‘Ae Chotu chai la’ NO MORE !
I have to travel nearly 20 km every day to my college and then 20 km back home and it’s the most irritating ride as the traffic in Pune is the most unpredictable. Some days you get empty roads but on most occasions broken buses force you to halt. Signals are a plenty which irks me every day. On these very signals are the children that I watch each day. They sell toys, flowers, cards etc. They even rush when a four wheeler stops to clean it’s windshield in return of some bucks. I am always in a hurry and I move on.
Today is not the day to move on. Today is the World Day against Child labour. As I see children on the signals through which I travel, I realise that these aren’t the only few. There are 168 million child labourers in the world and more shockingly India is the home for the largest number of child labourers in the world. Selling ice-creams and vegetables is not the only job they do they are infact used for more hazardous work.
Beedi making, fireworks’ factories, plastic factories, automobile garages, tanning leather, soap manufacturer, hotels, brick kilns and roof tile making are a few occupations were the children work. The girls mostly indulge in domestic work. Cleaning, washing and the regular household chores. This comes at the cost of education.
In most cases the children have to work to help their families. The poor parents consider their children as an extra source of income for supporting the family financially. While in some cases the families expect their children to join their family business at a tender age and leave education because they themselves aren’t educated. They think that education doesn’t do any good and earning money is everything. This is pure ignorance.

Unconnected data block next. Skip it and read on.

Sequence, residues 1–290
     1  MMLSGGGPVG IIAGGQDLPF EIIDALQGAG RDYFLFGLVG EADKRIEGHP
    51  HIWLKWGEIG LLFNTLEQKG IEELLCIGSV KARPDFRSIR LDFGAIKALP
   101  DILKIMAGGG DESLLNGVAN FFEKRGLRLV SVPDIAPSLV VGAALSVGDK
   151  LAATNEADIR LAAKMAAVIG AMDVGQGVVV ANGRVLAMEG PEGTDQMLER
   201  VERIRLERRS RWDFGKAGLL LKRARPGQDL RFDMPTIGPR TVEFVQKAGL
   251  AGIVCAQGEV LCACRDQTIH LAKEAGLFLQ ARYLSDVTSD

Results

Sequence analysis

The government has taken steps to stop Child labour. According to the Child labour (Prohibition and Regulation) Act 1986, there is a ban on the employment of children below the age of 14 years in factories, mines and hazardous work.
Under Article 21 A, It is stated that the state shall provide infrastructure and resources for free and compulsory education for children from the age of six upto 14 years.
Is this enough, Certainly NO !
We the citizens, who have privileged lives who roam around the city on our bikes, have a shelter on our head, well ironed clothes to wear must stop the rhetoric ‘Ae Chotu chai la’ to the children working at the tea stalls and instead complain to the concerned office where such Chotus work.
When you see kids on the street asking for money stop giving them instead help them with food, clothing, education and the happiness that you would get would be unimaginable.
They too have a life, they too have dreams. The only thing they need is an opportunity, an opportunity to shine, to showcase their talent and we are no one to suppress it. However we could become the stepping stones for these under privileged children to march on their path to glory.